Next month, an Indian Under 19 team led by Unmukt Chand journeys to Townsville in northern Queensland hoping to emulate the sides of 2000 and 2008 that won the World Cup. They will travel with both hope and trepidation, aware that only a select few will go on to make the transition to the big leagues.
The difference between success and failure has never been as stark.
Make it, and you could be the next Virat Kohli, with your face anchoring a dozen advertisement campaigns.
Fall by the wayside and you could be another Shalabh Srivastava. On Saturday, the Board of Control for Cricket in India (BCCI) handed down a five-year ban after an inquiry committee found him guilty of "agreeing to fix a match and negotiate terms for the same, even though no actual match-fixing or spot-fixing took place".
The ban also means that Srivastava will be ineligible to receive assistance from the BCCI through the monthly payment scheme, the benevolent fund or a benefit match. He will also never be able to coach or hold another other office in an organisation that comes under the BCCI purview. At the age of 30, his life in cricket is effectively over.
As an 18 year old in that 2000 side, Srivastava – a left-arm seamer – picked up wickets in each game that India played, eventually finishing with 14 at an average of 17.57. He saved his best for the big games, taking two for 25 against Australia in the semi-final and three for 33 against Sri Lanka in the final.
In the years that followed, Srivastava played 41 first-class games for Uttar Pradesh, Central Zone and Rest of India, but the national cap that went the way of Yuvraj Singh and Mohammad Kaif – other stalwarts of that Under 19 side – never found him. By the age of 26, he threw in his lot with the Indian Cricket League. When that folded and a general amnesty was announced, he made his way back to the fold.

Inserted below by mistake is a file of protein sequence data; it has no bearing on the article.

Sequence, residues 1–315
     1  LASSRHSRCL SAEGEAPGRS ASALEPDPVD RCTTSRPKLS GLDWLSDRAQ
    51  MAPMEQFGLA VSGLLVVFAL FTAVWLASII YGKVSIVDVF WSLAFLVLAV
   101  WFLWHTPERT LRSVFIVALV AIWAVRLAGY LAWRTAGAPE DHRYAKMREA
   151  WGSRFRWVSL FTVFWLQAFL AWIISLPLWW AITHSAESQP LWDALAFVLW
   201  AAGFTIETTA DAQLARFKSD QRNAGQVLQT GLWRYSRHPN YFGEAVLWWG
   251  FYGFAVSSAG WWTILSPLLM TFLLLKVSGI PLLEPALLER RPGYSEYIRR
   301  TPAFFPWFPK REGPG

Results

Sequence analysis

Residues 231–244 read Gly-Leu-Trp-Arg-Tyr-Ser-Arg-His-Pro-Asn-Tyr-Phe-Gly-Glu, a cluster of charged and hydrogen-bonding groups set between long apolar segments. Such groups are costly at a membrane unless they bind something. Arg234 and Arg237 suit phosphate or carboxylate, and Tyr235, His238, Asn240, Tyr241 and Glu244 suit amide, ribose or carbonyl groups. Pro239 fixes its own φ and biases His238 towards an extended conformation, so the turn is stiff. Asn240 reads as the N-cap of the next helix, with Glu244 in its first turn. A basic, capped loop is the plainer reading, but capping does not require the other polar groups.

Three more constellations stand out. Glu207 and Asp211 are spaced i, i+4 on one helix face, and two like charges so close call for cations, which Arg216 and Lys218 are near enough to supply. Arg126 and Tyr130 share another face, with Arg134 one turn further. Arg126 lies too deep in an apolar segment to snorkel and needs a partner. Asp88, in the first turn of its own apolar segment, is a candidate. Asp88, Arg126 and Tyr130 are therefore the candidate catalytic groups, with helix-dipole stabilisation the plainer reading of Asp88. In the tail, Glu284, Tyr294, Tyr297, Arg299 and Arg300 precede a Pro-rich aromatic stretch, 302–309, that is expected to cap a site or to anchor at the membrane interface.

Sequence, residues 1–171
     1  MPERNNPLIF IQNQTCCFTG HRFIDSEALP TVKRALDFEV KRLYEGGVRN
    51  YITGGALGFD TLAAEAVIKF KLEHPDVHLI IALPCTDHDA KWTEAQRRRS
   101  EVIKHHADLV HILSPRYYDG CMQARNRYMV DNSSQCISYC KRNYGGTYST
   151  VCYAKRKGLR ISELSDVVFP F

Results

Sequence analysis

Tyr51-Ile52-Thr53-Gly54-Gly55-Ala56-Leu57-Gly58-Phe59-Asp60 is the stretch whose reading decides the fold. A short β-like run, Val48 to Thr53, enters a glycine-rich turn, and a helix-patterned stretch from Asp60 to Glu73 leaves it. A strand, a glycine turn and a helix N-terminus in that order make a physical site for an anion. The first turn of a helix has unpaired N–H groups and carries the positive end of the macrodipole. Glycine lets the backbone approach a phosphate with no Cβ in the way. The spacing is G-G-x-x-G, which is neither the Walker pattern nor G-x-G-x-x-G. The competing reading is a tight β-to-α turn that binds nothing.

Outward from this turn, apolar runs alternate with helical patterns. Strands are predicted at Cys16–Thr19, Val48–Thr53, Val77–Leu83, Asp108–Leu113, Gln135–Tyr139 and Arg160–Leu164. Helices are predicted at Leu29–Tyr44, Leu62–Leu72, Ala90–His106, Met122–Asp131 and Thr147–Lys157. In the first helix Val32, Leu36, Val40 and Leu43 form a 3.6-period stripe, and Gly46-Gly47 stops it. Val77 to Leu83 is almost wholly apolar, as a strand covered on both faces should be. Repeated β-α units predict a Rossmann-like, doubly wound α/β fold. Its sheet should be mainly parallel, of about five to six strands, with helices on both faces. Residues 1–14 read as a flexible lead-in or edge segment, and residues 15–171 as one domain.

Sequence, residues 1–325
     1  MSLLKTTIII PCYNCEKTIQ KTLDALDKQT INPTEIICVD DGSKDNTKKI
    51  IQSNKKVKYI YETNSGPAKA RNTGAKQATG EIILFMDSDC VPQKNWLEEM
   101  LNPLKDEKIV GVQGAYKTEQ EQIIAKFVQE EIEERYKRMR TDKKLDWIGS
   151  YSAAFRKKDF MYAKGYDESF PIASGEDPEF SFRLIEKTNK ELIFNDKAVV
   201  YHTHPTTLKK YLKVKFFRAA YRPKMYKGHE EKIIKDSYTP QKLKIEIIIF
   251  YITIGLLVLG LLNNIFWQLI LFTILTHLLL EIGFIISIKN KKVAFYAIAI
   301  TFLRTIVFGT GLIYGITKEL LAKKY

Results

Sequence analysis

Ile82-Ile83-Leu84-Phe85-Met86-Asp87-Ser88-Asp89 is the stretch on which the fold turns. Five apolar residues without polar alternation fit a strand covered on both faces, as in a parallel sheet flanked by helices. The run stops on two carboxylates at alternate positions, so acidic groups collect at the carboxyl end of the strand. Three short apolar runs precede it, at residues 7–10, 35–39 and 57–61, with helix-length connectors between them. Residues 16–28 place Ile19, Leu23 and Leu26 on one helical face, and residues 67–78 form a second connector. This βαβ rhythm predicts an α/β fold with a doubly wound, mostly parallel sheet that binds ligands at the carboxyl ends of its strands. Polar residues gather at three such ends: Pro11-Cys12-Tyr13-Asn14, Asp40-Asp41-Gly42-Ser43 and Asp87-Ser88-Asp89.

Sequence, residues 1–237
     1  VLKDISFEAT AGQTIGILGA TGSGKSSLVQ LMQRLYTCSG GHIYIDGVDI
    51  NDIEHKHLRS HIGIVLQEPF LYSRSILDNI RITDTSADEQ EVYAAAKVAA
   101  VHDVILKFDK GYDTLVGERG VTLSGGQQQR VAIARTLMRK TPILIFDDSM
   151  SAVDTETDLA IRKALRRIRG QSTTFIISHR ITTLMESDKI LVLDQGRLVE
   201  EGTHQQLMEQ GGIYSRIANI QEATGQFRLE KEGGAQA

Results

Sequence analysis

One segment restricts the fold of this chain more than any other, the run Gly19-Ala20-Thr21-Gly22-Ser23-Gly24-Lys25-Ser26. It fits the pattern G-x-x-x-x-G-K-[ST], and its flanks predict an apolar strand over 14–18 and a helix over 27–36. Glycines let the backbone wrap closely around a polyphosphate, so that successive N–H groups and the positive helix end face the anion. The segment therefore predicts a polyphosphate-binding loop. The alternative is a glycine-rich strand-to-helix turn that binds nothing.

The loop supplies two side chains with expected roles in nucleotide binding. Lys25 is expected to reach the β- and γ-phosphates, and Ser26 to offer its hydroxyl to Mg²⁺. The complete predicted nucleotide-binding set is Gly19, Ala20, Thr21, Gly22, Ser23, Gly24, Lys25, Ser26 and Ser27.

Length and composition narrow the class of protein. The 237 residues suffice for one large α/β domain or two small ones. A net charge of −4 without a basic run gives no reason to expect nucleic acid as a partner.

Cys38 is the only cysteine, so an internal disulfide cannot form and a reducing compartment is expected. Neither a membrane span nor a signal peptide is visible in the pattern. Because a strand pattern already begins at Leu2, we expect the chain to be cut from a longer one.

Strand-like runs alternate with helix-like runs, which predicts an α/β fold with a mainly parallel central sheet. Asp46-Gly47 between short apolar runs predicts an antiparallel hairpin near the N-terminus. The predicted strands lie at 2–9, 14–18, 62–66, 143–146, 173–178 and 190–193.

Time, though, had passed him by. Apart from outings at events like the Hong Kong Sixes, the opportunity to play for India was long gone. He played some games for Kings XI Punjab in the 2011 season, but only warmed the bench this time. Then came the sting operation and ignominy.
A couple of years ago, I spoke to Akash Chopra, who once opened for India alongside Virender Sehwag, about how India nurtures its young talent. "We think we have a limitless supply," he said with a hint of sadness. "When a player drops off the radar, no one bothers to find out what happened to him. We just replace him with someone else."
Srivastava is hardly alone in having failed to replicate his junior-cricket feats. Reetinder Singh Sodhi made an unbeaten 39 in the 2000 final. Four years earlier, in the Lombard Under 15 Challenge Cup final, he had led India to victory against Pakistan with an unconquered 82.
Christopher Martin-Jenkins was moved to write: "Sodhi, a tall and already very accomplished right-handed opener, is clearly destined for stardom." He played 18 one-day games for India, the last of them in 2002. These days, he's merely the subject of where-are-they-now stories.
In the days ahead, Srivastava will be vilified by some of India's more sensationalist media outlets. His family will have cameras and microphones thrust in their faces, and be treated like pariahs. Very few will pause to stop and think why a young man seemingly destined for the big time lost his way.
As Chopra suggested, the arrogance that comes with assuming that there are plenty more in the pipeline rules out any trace of compassion.
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